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From: Vladimir Prus (ghost_at_[hidden])
Date: 2002-11-11 12:08:26

David Abrahams wrote:

> Here's a reminder of what to include in your review comments:
> Here are some questions you might want to answer in your review:
> What is your evaluation of the design?

First comes my opinion on library scope. The biggest features that it
adds (compared with older 'describe' scheme) are saving of pointers and

There are other interesting things, for example, creating
human-readable archives with field/variable names. E.g. I might want to
create a dump file which can be directly read by Python (and should use
Python syntax for lists/maps). Those things are not supported, but I won't
discuss them for now --- it's a topic for future.

Regarding pointer saving, I was posting quite a lot, but was unable to
convince Robert there's a problem. Briefly, if some module saves pointers to
polymorphic class B, then it should *include headers* that declare *all classes
derived from B*. I don't think this requirement is reasonable.

More details can be found in:

I don't like the 'serialization' class, as well as arguments for putting
it in global namespace. The argument is that if it were in 'boost' namespace,
then to declare a specialization, one would have to open 'boost' namespace.
However, I don't declared my classes in global namespace, so to add a specialization,
I'd have to do that outside of my namespace, which is not better. In fact, I'd
*strongly* prefer free-standing functions.

It appears that under "Serialization of templates", the reference suggests
to declare something in namespace boost::serialization_detail. I think that
(1) that should be boost::serialization::detail and (2) user should not
declare anything in detail namespace.
Also, the natuaral syntax at the top of that section seems correct to me.
If it is really not possible, then it should be told why.

I would like to avoid declaring "version" function when I don't want
to use any versioning, althought I don't see how to do this in the current

> What is your evaluation of the implementation?

I'm not overly happy with the implementation --- it took me
quite a lot to understand what's going on there. Lack of
comments for internal classes cause some of the problems.

There's missing typename at

There's line
I guess this should be compile-time assertion? And, BTW, is
typeid of *t is not equal to static type of *t, then *t is
already polymorphic, unless I'm missing something.

> What is your evaluation of the documentation?

Single-level index for reference docs makes nagivation hard.

Documentation does not say that "version" must be *static* member

Rationale section talks about "saved objects must be const". I don't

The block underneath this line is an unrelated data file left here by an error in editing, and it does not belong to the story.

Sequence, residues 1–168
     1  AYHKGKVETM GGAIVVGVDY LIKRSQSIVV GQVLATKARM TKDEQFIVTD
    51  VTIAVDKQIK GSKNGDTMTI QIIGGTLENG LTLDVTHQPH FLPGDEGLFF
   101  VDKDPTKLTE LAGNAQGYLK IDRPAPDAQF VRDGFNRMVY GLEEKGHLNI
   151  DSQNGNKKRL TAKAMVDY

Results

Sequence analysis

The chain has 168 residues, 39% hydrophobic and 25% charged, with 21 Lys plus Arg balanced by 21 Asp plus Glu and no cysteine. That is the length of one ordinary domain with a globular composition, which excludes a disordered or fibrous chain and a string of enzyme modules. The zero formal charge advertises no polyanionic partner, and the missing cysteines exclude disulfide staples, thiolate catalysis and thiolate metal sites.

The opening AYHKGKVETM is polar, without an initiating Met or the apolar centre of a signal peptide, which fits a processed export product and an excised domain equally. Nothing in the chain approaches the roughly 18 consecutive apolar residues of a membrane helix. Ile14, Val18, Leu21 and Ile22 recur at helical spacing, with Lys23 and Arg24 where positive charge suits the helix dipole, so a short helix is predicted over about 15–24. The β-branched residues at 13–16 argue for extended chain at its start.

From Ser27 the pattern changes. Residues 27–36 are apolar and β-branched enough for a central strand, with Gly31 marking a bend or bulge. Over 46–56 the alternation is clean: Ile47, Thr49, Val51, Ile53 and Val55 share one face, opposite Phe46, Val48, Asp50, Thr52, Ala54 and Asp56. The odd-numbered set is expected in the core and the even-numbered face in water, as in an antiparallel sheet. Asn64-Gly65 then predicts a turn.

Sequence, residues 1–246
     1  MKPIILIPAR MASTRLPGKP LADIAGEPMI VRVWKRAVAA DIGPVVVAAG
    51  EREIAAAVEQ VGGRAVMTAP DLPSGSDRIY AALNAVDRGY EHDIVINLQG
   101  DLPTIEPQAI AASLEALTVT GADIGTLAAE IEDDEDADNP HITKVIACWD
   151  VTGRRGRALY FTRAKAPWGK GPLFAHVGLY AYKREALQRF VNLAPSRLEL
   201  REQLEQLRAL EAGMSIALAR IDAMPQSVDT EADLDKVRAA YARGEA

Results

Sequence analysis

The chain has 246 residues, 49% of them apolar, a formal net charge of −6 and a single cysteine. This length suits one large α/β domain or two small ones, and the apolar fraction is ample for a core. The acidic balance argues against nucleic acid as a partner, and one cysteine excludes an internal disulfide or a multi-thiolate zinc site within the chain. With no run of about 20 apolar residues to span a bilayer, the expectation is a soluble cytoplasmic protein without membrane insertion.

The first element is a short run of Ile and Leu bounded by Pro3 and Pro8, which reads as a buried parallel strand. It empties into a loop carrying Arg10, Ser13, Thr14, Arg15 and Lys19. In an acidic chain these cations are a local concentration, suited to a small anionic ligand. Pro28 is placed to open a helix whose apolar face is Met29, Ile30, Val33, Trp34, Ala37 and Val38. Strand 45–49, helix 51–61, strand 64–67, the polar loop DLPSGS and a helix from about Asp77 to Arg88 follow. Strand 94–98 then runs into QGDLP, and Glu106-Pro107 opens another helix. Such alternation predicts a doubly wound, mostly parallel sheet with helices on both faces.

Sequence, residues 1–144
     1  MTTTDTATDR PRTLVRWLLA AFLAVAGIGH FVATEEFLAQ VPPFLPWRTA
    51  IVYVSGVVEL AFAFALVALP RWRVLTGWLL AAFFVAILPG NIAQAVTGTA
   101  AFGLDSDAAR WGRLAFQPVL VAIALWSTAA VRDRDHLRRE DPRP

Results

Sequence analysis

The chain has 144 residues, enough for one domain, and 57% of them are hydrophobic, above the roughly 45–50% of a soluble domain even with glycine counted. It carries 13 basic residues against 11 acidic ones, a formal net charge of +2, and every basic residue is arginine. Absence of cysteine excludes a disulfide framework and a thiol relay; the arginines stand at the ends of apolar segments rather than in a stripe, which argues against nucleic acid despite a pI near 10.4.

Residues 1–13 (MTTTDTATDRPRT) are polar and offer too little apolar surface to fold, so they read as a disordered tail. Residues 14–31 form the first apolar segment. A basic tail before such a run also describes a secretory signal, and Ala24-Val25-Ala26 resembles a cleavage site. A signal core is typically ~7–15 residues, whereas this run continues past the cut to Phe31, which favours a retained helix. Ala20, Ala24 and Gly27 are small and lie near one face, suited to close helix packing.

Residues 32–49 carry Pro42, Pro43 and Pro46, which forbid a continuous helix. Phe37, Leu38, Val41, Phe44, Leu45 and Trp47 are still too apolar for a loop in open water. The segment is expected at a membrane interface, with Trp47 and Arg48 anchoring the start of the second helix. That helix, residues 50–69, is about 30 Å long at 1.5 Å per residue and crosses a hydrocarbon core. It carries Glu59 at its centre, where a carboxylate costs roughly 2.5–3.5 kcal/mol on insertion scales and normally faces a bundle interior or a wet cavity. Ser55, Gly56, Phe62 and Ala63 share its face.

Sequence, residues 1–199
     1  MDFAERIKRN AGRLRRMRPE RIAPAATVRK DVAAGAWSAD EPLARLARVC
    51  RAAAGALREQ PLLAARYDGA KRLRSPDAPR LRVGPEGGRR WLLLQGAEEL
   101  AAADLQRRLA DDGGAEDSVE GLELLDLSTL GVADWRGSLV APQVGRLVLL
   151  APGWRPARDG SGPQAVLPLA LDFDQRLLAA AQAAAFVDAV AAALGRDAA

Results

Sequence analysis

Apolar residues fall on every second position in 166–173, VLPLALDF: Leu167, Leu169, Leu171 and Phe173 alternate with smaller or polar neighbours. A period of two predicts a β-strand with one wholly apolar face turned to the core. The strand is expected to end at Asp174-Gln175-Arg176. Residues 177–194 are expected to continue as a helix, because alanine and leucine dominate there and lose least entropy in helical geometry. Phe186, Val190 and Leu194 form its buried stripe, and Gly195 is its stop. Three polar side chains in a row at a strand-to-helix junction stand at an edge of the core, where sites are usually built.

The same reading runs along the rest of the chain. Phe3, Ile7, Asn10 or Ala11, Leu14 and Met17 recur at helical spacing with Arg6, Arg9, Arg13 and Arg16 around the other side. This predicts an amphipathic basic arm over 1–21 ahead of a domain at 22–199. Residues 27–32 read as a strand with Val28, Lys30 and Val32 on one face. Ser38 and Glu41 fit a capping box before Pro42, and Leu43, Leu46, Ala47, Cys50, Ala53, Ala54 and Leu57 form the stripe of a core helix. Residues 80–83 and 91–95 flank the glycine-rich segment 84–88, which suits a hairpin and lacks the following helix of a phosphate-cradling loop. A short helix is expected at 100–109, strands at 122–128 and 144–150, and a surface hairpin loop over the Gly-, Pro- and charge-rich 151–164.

understand what this means, and the example from reference for this
part compiles fine for me, while docs say it should not.

The 'register_type' method is documented only inside docs for particular
kind of exception. It should be moved elsewhere. Storing of base pointers
is in generally underdocumented.

The following looks overly generic:
         class T,
         class Allocator,
         template Container<class T, class Allocator>
     boost::basic_oarchive & ::operator<<(
         boost::basic_oarchive & ar,
         const Container<T, Allocator> & t
it would catch all classes which happen to be instances of templates with
two parameters. The phrase "STL containers can be serialized using above syntax"
is very confusing. I belive it should be stated that all STL containers can
be serialized, without the interface above.

> What is your evaluation of the potential usefulness of the
> library?

I believe that the issue with storing polymorphic pointers makes the library
not very usefull. In effect, to store polymorphic pointers, I have to
implement registraction system and make loading of base classes create
derived classes using registered id. This almost amounts to implementing my
own serialization library.

> Did you try to use the library? With what compiler? Did you
> have any problems?

Yes, with g++ 2.95.4 and 3.2 (although lack of Jamfile required manual compilation).
It did not compile, saying that:

../../boost/void_cast.hpp:28: redefinition of `struct boost::is_polymorphic<T>'
/home/ghost/Work/boost/boost/type_traits/is_polymorphic.hpp:75: previous
    definition of `struct boost::is_polymorphic<T>'
In file included from ../../boost/serialization/serialization_imp.hpp:16,
                  from ../../boost/serialization/archive.hpp:4,
                  from archive.cpp:17:
../../boost/void_cast.hpp:28: redefinition of `struct boost::is_polymorphic<T>'

After commenting out part of void_cast.hpp, it did compile. However, the attached
program produced no output with 3.2. The line 36 simply did nothing ("step" in gdb
on it did not lead anywhere).

> How much effort did you put into your evaluation? A glance? A
> quick reading? In-depth study?

In-depth. I've been closely watching the library development from
the very first post on the ml.

> Are you knowledgeable about the problem domain?

Can't say definitely. However, I've looked in some other
implementation, so must know something.

> And finally, every review should answer this question:
> Do you think the library should be accepted as a Boost library?
> Be sure to say this explicitly so that your other comments don't
> obscure your overall opinion.

I think the library should not be accepted. I don't like to vote this
way, but I'm not convinced that serialization library with such requirement
for storing polymorphic pointers is really ready to go.

- Volodya

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